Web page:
12. Resuspend the cell pellet in fresh fixative; estimate the volume of the pellet and add ~10x the volume of Carnoy's fixative.
    13. Add the cell suspension drop-wise on wet, ice-cold microscope slides; hold the slide at an ~45° angle and allow the cell suspension to flow over the surface of the slide. Lay the slide flat on paper towels and flood the slide with fixative and allow to air dry. Check slides for the presence of mitotic spreads using an inverted microscope.

    3. RNase Treatment and Ethanol Dehydration

    1. Place 200 μl of 10 μg/ml RNase A (Sigma) in 2x SSC to each slide; incubate at 37 °C for 1 hr.
    2. Wash slides 3 times with 2x SSC, pH 7.0 at room temperature for 3 min each.
    3. Dehydrate slides through an EtOH (Sigma) series (70%, 90% and 100%) at room temperature for 3 min each.
    4. Air dry the slides at room temperature.

    4. Preparation of Probe Cocktails for BAC Plus Chromosome-specific Centromere Enumeration Probe (CEP) or for Whole Chromosome Paints In situ Hybridization

    1. For the BAC/CEP simultaneous hybridization, prepare two separate probe cocktails for pre-hybridization. We have found that pre-hybridizing the BAC and CEP probes separately under different stringencies results in less background and greater signal intensities. We have also found that individual Fosmids can also be used in place of BAC clones The cocktail formulation described below represents the volumes for a single slide. If processing multiple slides using the same probes simply increase the volumes appropriately.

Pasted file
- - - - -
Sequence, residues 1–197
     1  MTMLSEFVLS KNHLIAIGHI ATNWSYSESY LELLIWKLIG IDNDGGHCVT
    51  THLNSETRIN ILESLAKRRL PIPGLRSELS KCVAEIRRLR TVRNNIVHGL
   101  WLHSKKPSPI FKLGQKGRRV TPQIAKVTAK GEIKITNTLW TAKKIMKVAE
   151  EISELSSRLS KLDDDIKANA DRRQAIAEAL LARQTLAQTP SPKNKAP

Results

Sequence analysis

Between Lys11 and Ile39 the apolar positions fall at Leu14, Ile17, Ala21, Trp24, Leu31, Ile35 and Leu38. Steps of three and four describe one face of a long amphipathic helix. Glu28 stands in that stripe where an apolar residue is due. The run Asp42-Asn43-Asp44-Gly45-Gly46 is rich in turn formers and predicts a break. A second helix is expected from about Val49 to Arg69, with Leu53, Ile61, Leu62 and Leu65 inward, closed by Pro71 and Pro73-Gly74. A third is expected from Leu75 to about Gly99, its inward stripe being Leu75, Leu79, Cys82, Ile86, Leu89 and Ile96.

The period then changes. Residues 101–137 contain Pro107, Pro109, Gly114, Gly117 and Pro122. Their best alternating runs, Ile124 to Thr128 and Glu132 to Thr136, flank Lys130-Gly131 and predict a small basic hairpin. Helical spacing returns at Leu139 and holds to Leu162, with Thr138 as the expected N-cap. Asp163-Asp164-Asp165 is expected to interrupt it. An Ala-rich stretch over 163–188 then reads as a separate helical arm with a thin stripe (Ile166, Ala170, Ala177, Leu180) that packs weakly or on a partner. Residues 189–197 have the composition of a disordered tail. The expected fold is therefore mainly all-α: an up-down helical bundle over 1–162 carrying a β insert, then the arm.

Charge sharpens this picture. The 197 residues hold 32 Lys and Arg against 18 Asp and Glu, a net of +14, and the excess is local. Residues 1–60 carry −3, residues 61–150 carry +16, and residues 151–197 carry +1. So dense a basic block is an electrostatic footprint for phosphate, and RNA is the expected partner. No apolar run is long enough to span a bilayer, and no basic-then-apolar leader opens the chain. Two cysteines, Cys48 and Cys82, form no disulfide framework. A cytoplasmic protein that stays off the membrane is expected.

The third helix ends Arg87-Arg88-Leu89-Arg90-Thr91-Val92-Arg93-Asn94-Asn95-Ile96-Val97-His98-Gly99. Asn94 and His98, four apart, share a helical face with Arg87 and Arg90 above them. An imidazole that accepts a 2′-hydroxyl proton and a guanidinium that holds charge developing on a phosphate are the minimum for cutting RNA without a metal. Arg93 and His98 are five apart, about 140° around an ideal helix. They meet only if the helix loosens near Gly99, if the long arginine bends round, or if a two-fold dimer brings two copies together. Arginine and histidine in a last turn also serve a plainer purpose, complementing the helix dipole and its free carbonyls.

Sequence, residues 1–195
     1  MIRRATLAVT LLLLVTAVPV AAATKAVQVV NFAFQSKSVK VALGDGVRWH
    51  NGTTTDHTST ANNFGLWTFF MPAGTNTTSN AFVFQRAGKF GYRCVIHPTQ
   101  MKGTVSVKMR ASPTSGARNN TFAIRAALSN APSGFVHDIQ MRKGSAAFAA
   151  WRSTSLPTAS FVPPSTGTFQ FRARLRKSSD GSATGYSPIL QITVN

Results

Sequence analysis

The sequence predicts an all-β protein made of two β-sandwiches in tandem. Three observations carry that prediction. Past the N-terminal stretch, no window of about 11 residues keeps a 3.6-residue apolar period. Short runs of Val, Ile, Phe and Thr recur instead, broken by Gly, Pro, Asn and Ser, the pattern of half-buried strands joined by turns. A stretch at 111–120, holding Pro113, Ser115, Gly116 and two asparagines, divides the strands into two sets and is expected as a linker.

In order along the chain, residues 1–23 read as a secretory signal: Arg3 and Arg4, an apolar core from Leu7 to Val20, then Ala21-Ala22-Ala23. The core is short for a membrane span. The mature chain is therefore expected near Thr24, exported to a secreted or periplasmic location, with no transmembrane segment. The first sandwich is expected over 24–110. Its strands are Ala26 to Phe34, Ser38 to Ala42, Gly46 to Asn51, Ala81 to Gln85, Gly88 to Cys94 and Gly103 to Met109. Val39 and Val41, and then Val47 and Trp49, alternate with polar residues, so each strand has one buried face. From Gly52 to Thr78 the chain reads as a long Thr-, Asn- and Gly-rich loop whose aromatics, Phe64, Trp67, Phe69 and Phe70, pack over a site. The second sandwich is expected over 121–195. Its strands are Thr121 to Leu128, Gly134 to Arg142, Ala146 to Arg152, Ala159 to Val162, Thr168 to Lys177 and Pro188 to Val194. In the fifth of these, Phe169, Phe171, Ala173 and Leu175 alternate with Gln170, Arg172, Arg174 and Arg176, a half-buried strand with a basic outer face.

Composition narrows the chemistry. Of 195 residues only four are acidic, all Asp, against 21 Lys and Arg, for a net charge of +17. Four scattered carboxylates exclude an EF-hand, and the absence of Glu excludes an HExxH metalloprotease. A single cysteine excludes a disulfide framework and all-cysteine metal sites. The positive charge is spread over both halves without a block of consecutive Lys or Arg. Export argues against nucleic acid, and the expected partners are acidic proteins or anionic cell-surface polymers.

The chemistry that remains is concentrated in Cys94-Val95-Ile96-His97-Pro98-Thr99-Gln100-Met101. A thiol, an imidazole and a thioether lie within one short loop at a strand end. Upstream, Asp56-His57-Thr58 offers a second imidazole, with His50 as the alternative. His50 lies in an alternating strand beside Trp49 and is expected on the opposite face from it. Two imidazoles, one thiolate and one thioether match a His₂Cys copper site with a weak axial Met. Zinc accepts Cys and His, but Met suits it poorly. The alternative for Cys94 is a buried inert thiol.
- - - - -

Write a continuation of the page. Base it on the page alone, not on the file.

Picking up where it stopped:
*BAC DNA probe cocktail:
      11.5 μl hybridization buffer (50% Formamide (Sigma) /2x SSC /Dextran Sulfate (Sigma)) 2 μl dH2O

      2.5 μl BAC/Cot1 DNA in dH2O (see below for labeling protocol) 15 μl total volume


      *CEP probe cocktail:
      7 μl CEP hybridization buffer (65% Formamide/2x SSC/Dextran Sulfate) 2 μl dH2O

      1 μl CEP/Cot1 DNA (purchased prelabeled with Spectrum Orange/Cy3/Texas Red) 10 μl total volume

      *After denaturing and pre-hybridization (step 5.1) mix BAC probe with CEP probe at a 3:2 ratio 25 μl/slide and mix probe cocktails.


      OR
    2. Aliquot 20 μl/slide of Whole Chromosome Paint probe (Cy3/Texas Red) into a tube. Proceed to denaturation and pre-hybridization step.

    5. Slide and Probe Denaturation and In situ Hybridization

    1. Denature probe cocktail(s) at 75 °C for 10 min. Pre-hybridize at 37 °C for 30 min to allow the Cot1 DNA to hybridize to repetitive sequences and to prevent subsequent hybridization to metaphase chromosomes.
    2. Denature slides in Coplin jars in 70% Formamide/2x SSC, pH 7.0 at 72 °C for 3 min.
    3. Immediately dehydrate slides through an EtOH series (70%, 90% and 100%) in Coplin jars at 4 °C for 3 min each.
    4. Allow the slides to air dry at room temperature.
    5. Pre-warm slides to 45 °C on slide warmer for the last 10 min of the probe pre-hybridzation (step 5.1). Mix pre-hybridized probe cocktails if needed and add 25 ul to each slide; gently place a coverslip on each slide and seal along all edges with rubber cement. Incubate overnight at 37 °C in a humidified chamber to prevent evaporation.